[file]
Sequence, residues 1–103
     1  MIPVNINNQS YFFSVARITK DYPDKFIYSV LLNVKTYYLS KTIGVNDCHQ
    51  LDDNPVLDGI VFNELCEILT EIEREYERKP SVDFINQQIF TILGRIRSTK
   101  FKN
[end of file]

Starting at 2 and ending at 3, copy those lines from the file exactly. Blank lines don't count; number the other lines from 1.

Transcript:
     1  MIPVNINNQS YFFSVARITK DYPDKFIYSV LLNVKTYYLS KTIGVNDCHQ
    51  LDDNPVLDGI VFNELCEILT EIEREYERKP SVDFINQQIF TILGRIRSTK